One thing to note about the constructivist approach to race is that the first claim is very easy to defend and the other is very challenging. The classifications used by the “person on the street” are essentially fleeting social conventions. For example, Americans used the “one drop rule” to classify people, but it makes little sense because putting more weight on Black ancestors than White ancestors is arbitrary. Furthermore, ethnic classifications vary by place and even year to year. The ethnic classifications used in social practice flunk the basic tests of reliability and validity that one would want from any measurement of the social world.

The second claim is that there are no meaningful differences between people in general. This claim is much harder to make. This is not an assessment of truth of the claim, but the evidence needed to make is of a tall order. Namely, to make the strong constructivist argument, you would need (a) a definition of which traits matter, (b) a systematic measurement of those traits from a very large sample of people, (c) criteria for clustering people based on data, and (d) a clear test that all (or even most) reasonable clustering methods show a single group of people. As you can see, you need *a lot* of evidence to make that work.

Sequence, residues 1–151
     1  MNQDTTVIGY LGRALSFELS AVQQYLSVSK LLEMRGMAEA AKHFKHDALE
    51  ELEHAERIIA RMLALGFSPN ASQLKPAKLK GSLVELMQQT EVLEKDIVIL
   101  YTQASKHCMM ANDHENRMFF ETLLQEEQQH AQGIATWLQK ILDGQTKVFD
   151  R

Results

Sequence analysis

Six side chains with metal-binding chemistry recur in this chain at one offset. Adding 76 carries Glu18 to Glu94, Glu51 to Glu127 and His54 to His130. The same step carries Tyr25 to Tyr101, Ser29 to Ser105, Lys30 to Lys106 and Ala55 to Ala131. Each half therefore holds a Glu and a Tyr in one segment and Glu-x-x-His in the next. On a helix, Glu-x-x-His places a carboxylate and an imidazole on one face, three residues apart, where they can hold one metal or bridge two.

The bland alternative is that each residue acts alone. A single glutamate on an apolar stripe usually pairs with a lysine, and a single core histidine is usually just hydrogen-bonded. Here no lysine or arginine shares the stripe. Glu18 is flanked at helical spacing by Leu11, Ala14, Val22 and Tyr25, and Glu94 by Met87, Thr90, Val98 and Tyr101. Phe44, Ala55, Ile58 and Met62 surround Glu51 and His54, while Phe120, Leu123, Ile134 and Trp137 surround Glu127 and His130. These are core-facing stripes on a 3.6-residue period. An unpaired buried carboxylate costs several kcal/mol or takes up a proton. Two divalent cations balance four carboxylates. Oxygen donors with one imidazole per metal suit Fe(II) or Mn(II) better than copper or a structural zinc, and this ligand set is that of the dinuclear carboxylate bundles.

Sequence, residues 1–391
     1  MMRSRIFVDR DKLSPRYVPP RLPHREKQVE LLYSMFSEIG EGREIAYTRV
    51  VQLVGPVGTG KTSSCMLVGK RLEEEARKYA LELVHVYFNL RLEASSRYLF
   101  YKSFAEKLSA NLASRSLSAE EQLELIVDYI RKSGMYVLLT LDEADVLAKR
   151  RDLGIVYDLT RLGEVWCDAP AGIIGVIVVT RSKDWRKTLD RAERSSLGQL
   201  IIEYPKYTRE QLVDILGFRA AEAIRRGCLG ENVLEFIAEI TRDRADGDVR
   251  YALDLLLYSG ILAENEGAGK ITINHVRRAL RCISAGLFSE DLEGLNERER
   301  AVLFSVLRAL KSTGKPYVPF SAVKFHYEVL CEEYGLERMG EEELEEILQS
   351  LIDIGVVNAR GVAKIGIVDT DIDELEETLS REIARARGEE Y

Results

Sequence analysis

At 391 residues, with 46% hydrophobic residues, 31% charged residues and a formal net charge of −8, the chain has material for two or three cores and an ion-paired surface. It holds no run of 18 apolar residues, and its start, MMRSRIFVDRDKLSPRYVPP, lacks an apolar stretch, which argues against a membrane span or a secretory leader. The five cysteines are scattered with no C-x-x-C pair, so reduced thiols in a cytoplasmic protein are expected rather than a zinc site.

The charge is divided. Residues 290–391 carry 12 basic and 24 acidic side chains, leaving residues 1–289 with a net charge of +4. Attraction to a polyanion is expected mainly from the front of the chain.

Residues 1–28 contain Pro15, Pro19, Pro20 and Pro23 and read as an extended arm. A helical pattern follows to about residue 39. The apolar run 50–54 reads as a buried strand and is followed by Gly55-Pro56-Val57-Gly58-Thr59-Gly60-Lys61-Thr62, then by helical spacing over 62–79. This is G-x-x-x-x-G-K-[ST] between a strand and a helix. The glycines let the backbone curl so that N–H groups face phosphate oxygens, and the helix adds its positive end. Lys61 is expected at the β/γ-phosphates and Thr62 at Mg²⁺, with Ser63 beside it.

That is where Shiao et al get into the game. They never dispute the first claim, but suggest that the second claim is indefensible – there is evidence of non-random clustering of people using genomic data. This is very important because it disentangles two important issues – race as social category and race as intra-group similarity. It’s like saying the Average Joe may be mistaken about air, earth, water, and fire, but real scientists can see that there are elements out there and you can do real science with them.

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Written by fabiorojas

October 14, 2014 at 12:04 am

give me $3 and i’ll get you your phd

Ok, that’s a bald faced lie. Unless you’re my dissertation student, I can’t give you your PhD. Even then, you’ll have to do it the old fashioned way – do some research. But you know what you can get for $3 that will get you your PhD? The Grad Skool Rulz: Everything You Need to Know About Academia from Admissions to Tenure. And the title is no joke. In 59 short chapters, I cover everything from “Should I go to graduate school?” to assembling your tenure dossier.

Why did I write this book? I think graduate education is a mess. People expect you to just learn through osmosis. Imagine if we ran medical schools the same way. Meh! So I wrote this book to help people know how the system works. For real – from a dude who succeeded (and failed, at time) in graduate school and the tenure track.

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Written by fabiorojas

February 19, 2013 at 12:33 am